[pmwiki-users] Motivation for hierachy

John Rankin john.rankin at affinity.co.nz
Wed May 31 19:30:52 CDT 2006

On Thursday, 1 June 2006 5:56 AM, Dr Fred C <drfredc at drfredc.com> wrote:
> John Rankin wrote:

> While, you've displayed a reasonable means to visualize and
>structure a pmwiki solution to this real world (non-wiki)
>application, it also seems that much of the solution is
>somewhat a "work around" to avoid adding at least one more
>hierarchical dimension to pmwiki's structure.

I'm more questioning whether a wiki is the right tool to use
for this particular problem, with or without the addition of
a hierarchy. The problem you describe lends itself most
naturally, I think, to an underlying relational data model,
not a hierarchical data model. One may well then choose to
provide various hierarchical navigation paths to the data.

With a relational structure underneath, you can serve
up whatever views of the data may be needed.

Could this be implemented using a wiki? I'm not sure; let's
think about it...

1. assume a normalised relational model of the data exists

2. every relational table becomes a wiki group

3. every page gets named after the table's primary key

4. where the primary key is multi-column, we need a method 
   to take apart the page name into its constituent parts
   and link the parts back to their referring pages

   this could be done using a comma separator, eg

   Student.James (page James in the Student group)

   Course.Fencing (page Fencing in the Course group)

   Student,Course.James,Fencing (page James,Fencing in
                   the Student,Course group)

   We interpret this to mean the relation that ties
   Student.James to Course.Fencing

5. notice that we use the structure of the page name to
   show a relation, not to represent a hierarchy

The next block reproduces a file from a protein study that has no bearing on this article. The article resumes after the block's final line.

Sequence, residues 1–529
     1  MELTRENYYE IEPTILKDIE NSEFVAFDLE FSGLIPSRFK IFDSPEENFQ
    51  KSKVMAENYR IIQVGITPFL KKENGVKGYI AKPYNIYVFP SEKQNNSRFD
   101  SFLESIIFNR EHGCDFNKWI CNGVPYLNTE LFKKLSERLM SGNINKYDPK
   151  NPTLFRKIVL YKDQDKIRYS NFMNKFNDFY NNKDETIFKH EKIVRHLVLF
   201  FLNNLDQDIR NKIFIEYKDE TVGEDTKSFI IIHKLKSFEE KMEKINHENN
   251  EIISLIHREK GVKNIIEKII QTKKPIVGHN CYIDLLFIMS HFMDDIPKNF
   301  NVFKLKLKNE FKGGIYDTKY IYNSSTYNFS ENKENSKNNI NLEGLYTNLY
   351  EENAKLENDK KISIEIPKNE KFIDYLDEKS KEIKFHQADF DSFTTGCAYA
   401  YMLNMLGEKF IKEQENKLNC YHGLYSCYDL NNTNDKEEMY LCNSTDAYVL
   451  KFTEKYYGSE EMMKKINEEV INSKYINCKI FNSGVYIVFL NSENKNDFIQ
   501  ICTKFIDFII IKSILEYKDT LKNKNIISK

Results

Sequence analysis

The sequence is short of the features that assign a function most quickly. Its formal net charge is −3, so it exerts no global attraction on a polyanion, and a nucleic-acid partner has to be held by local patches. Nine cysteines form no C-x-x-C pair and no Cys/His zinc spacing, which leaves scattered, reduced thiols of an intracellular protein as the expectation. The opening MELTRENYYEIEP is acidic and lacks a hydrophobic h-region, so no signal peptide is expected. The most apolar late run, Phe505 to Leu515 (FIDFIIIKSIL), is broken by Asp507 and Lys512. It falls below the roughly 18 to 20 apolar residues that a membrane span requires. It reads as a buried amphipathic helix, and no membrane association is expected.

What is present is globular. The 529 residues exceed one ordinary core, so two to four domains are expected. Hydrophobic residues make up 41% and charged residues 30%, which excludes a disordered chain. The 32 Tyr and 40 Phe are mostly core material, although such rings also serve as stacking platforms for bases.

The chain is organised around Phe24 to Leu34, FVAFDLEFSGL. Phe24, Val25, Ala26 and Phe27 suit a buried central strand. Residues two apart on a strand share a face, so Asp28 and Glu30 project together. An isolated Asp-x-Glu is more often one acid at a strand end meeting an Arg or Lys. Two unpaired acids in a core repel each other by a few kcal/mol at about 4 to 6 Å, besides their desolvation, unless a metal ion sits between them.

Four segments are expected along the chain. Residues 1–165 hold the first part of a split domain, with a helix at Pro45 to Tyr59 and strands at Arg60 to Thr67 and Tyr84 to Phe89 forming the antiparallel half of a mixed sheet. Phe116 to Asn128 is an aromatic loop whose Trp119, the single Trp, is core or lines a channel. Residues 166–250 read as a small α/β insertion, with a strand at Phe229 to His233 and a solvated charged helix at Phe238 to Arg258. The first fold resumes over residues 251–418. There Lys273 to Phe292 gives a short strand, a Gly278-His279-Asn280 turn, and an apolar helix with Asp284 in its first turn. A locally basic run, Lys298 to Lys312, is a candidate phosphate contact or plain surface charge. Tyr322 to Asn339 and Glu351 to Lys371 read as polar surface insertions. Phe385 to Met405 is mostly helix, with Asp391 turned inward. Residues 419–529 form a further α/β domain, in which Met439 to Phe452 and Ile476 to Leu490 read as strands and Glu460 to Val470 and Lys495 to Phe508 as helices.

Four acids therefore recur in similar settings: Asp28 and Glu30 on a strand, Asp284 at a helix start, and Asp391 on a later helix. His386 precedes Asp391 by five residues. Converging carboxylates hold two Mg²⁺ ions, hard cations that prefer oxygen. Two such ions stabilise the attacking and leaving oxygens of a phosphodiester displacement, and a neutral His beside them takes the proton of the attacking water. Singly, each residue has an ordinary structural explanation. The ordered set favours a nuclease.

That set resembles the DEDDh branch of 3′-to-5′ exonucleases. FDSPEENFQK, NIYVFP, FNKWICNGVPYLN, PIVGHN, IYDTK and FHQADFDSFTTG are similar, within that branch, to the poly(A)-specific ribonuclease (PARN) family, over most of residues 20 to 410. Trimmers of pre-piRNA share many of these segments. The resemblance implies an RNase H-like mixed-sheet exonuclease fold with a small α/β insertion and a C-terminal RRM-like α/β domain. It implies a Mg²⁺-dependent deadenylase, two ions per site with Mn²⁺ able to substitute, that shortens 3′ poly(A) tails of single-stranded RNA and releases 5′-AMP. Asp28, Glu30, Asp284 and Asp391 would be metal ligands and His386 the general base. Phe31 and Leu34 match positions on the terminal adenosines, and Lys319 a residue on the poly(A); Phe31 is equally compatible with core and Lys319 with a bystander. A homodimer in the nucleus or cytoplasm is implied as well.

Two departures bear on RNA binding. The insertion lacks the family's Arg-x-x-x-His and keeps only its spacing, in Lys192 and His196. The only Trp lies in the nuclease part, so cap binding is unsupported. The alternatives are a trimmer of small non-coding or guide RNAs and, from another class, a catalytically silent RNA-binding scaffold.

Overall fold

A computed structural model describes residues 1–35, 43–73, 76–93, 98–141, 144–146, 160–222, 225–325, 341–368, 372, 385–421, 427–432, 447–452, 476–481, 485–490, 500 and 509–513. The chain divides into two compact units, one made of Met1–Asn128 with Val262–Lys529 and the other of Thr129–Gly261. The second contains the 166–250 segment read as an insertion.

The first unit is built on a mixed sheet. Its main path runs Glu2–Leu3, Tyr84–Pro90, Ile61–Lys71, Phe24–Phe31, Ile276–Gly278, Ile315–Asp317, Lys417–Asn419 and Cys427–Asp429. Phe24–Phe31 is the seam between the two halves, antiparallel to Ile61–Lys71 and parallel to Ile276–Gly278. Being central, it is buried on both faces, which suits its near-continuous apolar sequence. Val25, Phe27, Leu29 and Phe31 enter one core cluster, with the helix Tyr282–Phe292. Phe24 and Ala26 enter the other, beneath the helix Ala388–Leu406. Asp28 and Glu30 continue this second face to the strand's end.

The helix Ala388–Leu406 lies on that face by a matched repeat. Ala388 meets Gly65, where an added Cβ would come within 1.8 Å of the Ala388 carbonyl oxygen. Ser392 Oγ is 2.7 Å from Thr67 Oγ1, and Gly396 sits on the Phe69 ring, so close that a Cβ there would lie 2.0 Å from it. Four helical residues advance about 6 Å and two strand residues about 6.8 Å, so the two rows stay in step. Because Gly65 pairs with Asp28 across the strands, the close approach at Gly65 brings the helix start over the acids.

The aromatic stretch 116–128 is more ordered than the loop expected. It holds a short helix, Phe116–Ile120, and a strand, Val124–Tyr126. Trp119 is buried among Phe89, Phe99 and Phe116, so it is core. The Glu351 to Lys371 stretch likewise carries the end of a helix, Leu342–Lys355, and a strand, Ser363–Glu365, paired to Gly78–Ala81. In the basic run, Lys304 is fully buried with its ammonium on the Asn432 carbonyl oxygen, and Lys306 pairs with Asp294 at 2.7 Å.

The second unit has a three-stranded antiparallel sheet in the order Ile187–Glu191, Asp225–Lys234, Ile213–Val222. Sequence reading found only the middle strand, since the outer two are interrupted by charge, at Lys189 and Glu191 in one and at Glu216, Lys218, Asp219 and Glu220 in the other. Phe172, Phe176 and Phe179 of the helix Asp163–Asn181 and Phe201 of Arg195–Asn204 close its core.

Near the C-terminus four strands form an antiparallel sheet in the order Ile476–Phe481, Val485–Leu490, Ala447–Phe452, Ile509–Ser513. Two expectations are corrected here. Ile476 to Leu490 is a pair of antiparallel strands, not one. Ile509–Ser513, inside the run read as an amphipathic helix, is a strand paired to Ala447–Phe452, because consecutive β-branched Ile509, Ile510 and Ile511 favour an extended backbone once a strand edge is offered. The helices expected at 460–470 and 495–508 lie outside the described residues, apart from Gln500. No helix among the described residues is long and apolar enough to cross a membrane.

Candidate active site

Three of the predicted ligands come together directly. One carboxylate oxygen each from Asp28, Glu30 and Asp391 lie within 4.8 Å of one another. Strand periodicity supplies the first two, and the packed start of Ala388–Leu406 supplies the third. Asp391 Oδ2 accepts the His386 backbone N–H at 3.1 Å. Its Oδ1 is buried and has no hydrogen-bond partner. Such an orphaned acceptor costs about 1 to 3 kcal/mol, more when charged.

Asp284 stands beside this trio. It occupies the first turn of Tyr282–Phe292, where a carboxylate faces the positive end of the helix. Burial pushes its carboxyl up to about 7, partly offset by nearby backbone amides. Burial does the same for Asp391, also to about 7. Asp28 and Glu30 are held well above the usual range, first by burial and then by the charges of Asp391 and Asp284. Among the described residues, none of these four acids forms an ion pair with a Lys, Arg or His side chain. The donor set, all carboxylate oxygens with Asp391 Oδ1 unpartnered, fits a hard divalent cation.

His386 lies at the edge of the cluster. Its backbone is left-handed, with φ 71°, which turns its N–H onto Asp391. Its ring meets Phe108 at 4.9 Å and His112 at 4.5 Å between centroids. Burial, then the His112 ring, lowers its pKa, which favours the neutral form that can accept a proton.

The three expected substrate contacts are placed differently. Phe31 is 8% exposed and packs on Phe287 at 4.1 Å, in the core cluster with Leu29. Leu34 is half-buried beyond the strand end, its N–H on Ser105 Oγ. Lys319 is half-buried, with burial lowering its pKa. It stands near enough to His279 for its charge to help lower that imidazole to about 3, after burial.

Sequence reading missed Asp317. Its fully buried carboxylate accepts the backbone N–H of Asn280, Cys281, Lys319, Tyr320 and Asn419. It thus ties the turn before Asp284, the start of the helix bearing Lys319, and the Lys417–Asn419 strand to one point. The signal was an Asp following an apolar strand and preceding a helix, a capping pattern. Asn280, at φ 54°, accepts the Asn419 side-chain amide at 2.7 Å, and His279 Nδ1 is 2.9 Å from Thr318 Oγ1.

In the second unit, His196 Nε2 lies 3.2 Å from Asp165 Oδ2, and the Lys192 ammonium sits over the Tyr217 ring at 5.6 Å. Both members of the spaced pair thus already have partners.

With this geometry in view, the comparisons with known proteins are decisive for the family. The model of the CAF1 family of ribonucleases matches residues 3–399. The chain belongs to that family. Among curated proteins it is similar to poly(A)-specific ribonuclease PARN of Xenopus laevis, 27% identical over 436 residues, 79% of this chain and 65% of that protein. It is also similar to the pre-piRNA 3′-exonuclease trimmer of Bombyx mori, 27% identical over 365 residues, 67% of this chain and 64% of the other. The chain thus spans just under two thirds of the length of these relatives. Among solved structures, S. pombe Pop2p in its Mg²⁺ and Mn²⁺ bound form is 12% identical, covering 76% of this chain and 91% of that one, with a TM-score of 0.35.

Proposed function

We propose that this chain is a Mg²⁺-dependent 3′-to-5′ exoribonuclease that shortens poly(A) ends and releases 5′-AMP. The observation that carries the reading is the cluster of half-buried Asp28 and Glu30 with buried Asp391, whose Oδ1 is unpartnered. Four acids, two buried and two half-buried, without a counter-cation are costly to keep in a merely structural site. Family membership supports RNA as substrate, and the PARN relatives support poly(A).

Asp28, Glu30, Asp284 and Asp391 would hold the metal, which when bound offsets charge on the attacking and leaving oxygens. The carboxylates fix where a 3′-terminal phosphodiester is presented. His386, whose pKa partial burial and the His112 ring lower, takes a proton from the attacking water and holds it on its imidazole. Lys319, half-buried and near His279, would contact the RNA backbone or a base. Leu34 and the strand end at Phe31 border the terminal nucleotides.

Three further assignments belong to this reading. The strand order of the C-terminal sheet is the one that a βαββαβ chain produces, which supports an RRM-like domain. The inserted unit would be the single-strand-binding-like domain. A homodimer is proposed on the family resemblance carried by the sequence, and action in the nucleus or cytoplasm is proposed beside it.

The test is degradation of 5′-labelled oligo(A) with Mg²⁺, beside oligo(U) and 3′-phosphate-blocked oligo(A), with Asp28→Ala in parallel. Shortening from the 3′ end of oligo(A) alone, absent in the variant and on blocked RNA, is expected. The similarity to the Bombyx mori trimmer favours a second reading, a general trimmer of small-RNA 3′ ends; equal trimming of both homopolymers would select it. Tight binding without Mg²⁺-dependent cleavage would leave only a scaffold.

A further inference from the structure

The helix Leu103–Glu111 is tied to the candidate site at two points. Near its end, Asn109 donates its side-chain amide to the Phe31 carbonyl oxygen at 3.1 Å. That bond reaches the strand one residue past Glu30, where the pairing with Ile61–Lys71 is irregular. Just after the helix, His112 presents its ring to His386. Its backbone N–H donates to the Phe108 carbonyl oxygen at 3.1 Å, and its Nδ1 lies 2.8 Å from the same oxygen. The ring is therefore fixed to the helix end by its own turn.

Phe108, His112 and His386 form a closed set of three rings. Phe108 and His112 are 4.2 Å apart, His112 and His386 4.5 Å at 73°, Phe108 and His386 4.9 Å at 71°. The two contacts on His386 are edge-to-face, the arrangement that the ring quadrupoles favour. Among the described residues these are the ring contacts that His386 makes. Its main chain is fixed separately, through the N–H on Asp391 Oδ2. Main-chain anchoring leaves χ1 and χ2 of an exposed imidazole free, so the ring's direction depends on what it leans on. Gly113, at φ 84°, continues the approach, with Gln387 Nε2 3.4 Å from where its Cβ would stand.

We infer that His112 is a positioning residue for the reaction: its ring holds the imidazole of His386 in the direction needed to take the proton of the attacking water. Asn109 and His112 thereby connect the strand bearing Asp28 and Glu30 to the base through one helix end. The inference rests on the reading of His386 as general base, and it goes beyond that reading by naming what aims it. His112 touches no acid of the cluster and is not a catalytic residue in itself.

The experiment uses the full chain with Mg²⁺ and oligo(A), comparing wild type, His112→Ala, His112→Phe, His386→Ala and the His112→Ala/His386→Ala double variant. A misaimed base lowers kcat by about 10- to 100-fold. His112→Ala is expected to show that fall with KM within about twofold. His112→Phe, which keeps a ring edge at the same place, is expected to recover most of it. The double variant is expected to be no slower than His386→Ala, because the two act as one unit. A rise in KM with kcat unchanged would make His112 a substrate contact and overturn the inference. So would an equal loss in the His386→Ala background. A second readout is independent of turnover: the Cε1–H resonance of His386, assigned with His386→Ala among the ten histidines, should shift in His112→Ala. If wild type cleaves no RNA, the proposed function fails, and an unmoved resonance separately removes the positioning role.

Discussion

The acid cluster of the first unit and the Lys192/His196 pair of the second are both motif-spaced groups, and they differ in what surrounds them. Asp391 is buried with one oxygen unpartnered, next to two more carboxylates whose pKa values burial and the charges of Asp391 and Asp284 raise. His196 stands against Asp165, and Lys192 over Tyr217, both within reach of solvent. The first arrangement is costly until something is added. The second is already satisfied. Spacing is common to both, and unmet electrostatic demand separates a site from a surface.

6. a piece of code might automatically display links on
   the Student,Course.James,Fencing page to the
   Student.James and Course.Fencing pages

You know, I think this could be made to work; I'm not
sure that it's a good idea, but it might work.

Perhaps the thread ought to be renamed to

   "motivation for a relational model"
> If there were even just one more pmwiki
>level<group><subgroup><subgroup,subpage>   things would seem to
>get easier to handle.  For example,
><School>.<student>.<class>.<classpages> might be handled by
> School wikiFarm/<student>.<class>.<classsubpages>
> Or put into application -- JudysSchool (a wikiFarm) there
>would be JudyWren.History.Dueling
> In other words, one uses wiki Farms as the top hierarchical
>layer as Judy only attends (is associated with) one school at a
>time. In the above example, Judy has History as an additional
>hierarchical group under her name.
> However, if I understand your subgroup concept, an optional
>structure to the above example using subgroups might be -
> JudyWren.History,Dueling?

No, I'm saying forget hierarchies *for this example*; instead
treat pages of the form A,B,C.X1,Y2,Z3 as implying links to
pages A.X1, B.Y2, C.Z3 -- you don't need a farm, you just need
a group for every table in your relational model and a convention
for how to interpret compound page names.

But there is an ugly gorilla in the corner of this nice tidy room...